Tag: West Germany

Trying To Make Some Sense Of Germany vs England

Clowns to the left of me, jokers to the right. Being English during the World Cup finals really does feel like being “stuck in the middle with you”, to labour a pun. On the one hand, there are the newspapers (and not exclusively the tabloid ones), the television commentators, and those that belch in your face and shout, “INGERLAND” at you as if this will somehow help something, somewhere. On the other, there is the rest of the world, which often seems to go out of its way to remember just how much it hates the British, the English, people that wear plastic hats with St Georges crosses painted upon them or whatever. There seems to be no middle ground with England, no way of approximating anything like rationality. Against all of the evidence that was presented by their first two matches against the United States of America and Algeria, the hysteria returned after the recent narrow win against Slovenia. The truth of the matter is that, against Slovenia, they neither stank the tournament out or set the world alight. They played reasonably well, and were a little unlucky not to win by a greater margin than they did. Particularly impressive was Jermain Defoe, who has frequently looked so out of sorts in an England shirt, but looked, quite possibly for the first time in his career, like an...

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Video Of The Week: “The Match Of The Century” – Italy vs West Germany, 1970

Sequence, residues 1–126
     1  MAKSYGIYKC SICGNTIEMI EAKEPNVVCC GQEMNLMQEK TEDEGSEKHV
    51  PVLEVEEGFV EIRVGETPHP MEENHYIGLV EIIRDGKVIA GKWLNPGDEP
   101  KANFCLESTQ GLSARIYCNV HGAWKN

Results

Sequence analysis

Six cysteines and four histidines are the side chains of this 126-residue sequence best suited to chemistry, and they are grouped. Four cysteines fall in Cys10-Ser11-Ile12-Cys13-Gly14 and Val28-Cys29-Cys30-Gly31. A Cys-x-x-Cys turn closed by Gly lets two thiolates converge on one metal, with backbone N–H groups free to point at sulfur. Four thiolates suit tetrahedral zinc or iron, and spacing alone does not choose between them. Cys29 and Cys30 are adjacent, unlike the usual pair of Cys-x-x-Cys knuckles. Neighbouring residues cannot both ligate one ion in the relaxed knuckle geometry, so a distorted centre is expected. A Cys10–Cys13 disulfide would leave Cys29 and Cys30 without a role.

The other week, we brought you the 1970 World Cup semi-final between Brazil and Uruguay in its entirety, and this week it’s time for the other semi-final from that tournament between Italy and West Germany. Italy had started the 1970 World Cup finals slowly. They won their group, but only managed one win, by a solitary goal against Sweden, and two goalless draws, against Uruguay and Israel, to make the quarter-finals of the competition. It was at this stage that they finally sparked into life, beating the host nation Mexico by four goals to one in Toluca after having gone a goal down early on in the match. West Germany, meanwhile, had been the entertainers up to that point in the tournament. They had scored ten goals in three group match wins against Peru, Bulgaria and Morocco, and the three goals that they scored in coming from two down in the quarter-finals to beat England 3-2 in Leon made them, up to that point, the top scorers in the competition. Even the legendary Brazil side of the 1970 tournament didn’t overtake the German team until they scored their second goal in the final. They started this match as the narrow favourites to win a match that was expected by many to be a battle between the Italian defence, which had conceded just one goal in their four matches so...